Amish Food: What do Amish eat?

Amish consume a varied diet, including homegrown and store-bought foods

amish foodAmish have a reputation for good food.  Numerous tourist restaurants feature “Pennyslvania Dutch” and “Amish-style” cooking.  Amish food typically is very filling, and not low-fat.

In addition to home-grown and homemade foods, many Amish buy some pre-packaged foods in stores, and some may eat out in restaurants, sometimes as a treat, or more frequently if one’s occupation requires travel (as in the case of builders or market stand owners).

Home-grown foods

Nearly all Amish homes have a sizable garden, tended by the woman of the home with help from her children.  Sweet corn, celery, beets, carrots, potatoes, tomatoes, peas, and a wide variety of other vegetables are grown in the typical Amish garden.  Amish may have fruit trees or grapevines on their property as well.  Amish eat a lot of fresh foods in the growing and harvest months, and can large quantities of fruits and vegetables for the winter.

amish garden
Large Amish gardens produce a variety of fruits and vegetables

Amish also may raise their own livestock.  Many Amish have laying hens which produce a steady stream of eggs.  Chickens may be slaughtered for meat.  Other Amish may raise pigs for the same purposes.

Depending on the level of technology permitted in a congregation, Amish may freeze large quantities of food, particularly meat.  Some Amish hunt, and deer and other animals killed while hunting serve as food sources for the family as well.

Amish dairies provide farm families a steady supply of milk and dairy goods, though even families without a dairy may have a “family cow”.  Amish often drink milk raw, and claim that it has health benefits, though selling raw milk to the public has been controversial in some states.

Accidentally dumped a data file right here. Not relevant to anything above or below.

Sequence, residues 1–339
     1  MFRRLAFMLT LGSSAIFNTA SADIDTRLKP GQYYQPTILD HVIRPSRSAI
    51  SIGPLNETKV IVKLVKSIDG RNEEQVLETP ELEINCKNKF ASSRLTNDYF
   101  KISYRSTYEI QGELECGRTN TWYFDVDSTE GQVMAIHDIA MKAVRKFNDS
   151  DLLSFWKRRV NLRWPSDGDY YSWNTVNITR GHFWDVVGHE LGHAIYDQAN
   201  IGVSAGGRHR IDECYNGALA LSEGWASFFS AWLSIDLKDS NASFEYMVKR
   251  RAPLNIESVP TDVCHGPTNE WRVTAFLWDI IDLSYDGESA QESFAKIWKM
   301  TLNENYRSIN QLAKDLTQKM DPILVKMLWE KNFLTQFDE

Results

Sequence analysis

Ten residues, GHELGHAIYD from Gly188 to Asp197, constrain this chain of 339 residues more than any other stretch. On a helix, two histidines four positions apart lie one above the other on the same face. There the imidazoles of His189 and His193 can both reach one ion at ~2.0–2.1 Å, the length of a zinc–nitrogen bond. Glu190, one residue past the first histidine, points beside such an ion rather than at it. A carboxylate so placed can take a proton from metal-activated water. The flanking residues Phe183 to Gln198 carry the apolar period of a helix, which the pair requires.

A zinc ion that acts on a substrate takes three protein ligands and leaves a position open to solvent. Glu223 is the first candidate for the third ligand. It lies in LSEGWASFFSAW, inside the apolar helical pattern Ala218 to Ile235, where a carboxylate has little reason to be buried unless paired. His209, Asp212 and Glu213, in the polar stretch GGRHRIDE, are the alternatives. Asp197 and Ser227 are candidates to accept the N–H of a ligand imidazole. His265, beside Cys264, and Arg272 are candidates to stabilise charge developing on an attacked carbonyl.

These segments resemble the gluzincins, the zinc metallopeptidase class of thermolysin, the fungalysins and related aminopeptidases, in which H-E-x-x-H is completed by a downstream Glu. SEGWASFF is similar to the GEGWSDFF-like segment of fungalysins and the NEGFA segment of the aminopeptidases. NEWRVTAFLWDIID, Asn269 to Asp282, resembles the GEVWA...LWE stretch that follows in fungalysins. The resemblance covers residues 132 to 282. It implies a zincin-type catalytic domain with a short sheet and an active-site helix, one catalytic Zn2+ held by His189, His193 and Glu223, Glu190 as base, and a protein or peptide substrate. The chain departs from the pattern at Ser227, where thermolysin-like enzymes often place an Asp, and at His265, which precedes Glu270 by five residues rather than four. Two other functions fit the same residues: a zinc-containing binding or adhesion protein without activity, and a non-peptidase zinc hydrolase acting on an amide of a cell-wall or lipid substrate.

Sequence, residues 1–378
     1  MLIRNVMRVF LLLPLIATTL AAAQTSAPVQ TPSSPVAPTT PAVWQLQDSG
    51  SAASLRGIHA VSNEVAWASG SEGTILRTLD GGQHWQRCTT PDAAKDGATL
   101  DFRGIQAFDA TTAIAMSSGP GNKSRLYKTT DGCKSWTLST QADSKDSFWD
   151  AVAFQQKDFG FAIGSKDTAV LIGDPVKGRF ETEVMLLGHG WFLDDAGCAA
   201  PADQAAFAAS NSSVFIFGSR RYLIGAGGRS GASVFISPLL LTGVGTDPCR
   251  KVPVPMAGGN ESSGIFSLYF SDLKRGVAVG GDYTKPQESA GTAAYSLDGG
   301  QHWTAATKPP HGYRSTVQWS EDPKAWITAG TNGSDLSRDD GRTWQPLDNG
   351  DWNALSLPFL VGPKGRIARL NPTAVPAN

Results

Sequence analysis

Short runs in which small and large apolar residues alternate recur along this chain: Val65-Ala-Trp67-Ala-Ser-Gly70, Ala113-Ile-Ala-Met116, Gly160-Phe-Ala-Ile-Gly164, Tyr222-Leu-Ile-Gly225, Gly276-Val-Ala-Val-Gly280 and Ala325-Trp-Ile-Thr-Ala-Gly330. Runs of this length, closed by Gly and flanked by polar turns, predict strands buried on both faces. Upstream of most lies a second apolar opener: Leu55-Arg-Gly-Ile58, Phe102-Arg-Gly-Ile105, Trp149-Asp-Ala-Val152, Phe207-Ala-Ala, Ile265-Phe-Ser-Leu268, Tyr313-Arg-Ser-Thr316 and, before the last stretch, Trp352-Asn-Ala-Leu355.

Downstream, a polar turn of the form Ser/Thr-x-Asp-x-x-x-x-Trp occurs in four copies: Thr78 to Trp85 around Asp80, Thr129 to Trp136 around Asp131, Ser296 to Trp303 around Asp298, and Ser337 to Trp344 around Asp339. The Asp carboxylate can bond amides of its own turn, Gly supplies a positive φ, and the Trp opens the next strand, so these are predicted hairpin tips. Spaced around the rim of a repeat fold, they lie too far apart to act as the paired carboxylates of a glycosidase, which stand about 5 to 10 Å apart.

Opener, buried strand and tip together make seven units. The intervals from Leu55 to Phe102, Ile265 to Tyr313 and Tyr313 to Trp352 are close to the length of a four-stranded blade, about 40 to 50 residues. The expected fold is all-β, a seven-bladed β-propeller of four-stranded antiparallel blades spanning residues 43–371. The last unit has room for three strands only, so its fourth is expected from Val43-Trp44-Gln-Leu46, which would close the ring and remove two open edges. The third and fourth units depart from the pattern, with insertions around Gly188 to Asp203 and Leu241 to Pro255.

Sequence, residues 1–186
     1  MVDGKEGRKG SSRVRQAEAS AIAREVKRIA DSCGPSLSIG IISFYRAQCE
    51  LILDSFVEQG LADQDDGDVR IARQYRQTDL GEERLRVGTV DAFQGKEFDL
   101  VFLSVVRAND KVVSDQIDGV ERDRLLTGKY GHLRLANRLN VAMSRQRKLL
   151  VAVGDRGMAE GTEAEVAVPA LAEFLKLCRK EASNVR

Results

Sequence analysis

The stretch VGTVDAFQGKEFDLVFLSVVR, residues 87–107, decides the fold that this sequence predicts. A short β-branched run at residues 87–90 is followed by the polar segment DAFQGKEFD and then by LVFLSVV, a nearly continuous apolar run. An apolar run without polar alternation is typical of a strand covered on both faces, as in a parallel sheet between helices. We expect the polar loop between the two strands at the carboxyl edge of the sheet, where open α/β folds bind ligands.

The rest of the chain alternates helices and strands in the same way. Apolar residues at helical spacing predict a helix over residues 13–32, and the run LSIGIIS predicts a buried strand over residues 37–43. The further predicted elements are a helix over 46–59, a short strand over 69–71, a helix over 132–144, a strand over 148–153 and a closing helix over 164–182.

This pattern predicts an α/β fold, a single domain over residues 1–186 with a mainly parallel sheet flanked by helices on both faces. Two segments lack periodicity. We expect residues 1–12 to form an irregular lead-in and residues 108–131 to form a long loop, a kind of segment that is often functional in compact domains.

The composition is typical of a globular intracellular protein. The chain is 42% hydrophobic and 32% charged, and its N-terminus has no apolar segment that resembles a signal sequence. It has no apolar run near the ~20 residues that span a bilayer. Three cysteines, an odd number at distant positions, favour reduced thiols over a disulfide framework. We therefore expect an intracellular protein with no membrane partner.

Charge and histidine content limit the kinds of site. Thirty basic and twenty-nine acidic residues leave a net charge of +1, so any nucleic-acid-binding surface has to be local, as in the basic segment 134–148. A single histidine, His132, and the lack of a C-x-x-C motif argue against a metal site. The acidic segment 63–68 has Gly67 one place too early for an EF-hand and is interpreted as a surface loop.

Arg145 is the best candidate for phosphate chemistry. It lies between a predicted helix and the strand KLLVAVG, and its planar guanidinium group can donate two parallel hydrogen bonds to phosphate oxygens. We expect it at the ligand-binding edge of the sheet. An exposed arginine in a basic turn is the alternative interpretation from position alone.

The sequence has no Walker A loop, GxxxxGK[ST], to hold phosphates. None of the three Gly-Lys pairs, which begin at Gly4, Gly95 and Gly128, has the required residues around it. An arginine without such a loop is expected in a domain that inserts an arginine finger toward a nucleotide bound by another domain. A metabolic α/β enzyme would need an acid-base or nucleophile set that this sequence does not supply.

There are a huge amount of Amish cookbooks on the market, many produced with contributions of Amish women.  Amish make a wide variety of Pennsylvania-Dutch style foods, including pot pies, butter noodles, chicken corn soup, varieties of bologna, chow-chow (a pickled relish made from a variety of vegetables), chipped beef gravy, beets, apple butter, and other hearty foods based on staples such as pork, potatoes, and cabbage.

Scrapple, a meat product made from animal parts (typically pork), corn meal and flour, is also popular, particularly for breakfast.

Non-traditional foods are popular as well.  Pizza and Mexican-style foods are common, as are staples such as hamburgers and hot dogs.  Some Amish enjoy cooking out over a grill or fire, and more progressive Amish homes may feature modern grills.

The kitchen is traditionally the domain of the Amish female, and Amish men do minimal preparation of food.


amish baking
Amish housewives bake breads and sweets

Amish bake a wide variety of goods, including desserts such as pies, cookies, cakes, and also breads.  Shoofly pie is popular particularly in Lancaster County.  Snitz pie, made from dried apples, is also featured at after-church meals in this settlement.  Shoofly and snitz pies are not commonly seen in Midwestern Amish settlements.  Rhubarb, blueberry, peach, and pecan are other common varieties of pie.

Whoopie pies, comprising two slabs of chocolate cake stuffed with sweet crème, are popular as well, as are fry pies, a pocket of crust stuffed with pie filling.  Some Amish operate bakeries which sell products to the public.  Baking is a common occupation for Amish housewives.

Amish buy foods from the store

Despite eating a large amount of home-grown food, Amish purchase food in stores as well.  Amish shop in a variety of places, including local dry goods and “bent-and-dent” bulk foods stores, as well as larger supermarkets such as Wal-Mart.  Amish buy breakfast cereals, breads, meats and cheeses, and other pre-packaged products.  Some Amish may drink sodas or have a fondness for junk food.  Others are very health-conscious.

Amish diets may vary

Amish eating habits vary between individuals and even groups.  Most Amish, even those who do not farm, eat large amounts of dairy products.  But Amish diets may vary by community and affiliation.  Hurst and McConnell note that the generally lower income of Swartzentruber Amish often results in poorer nutrition.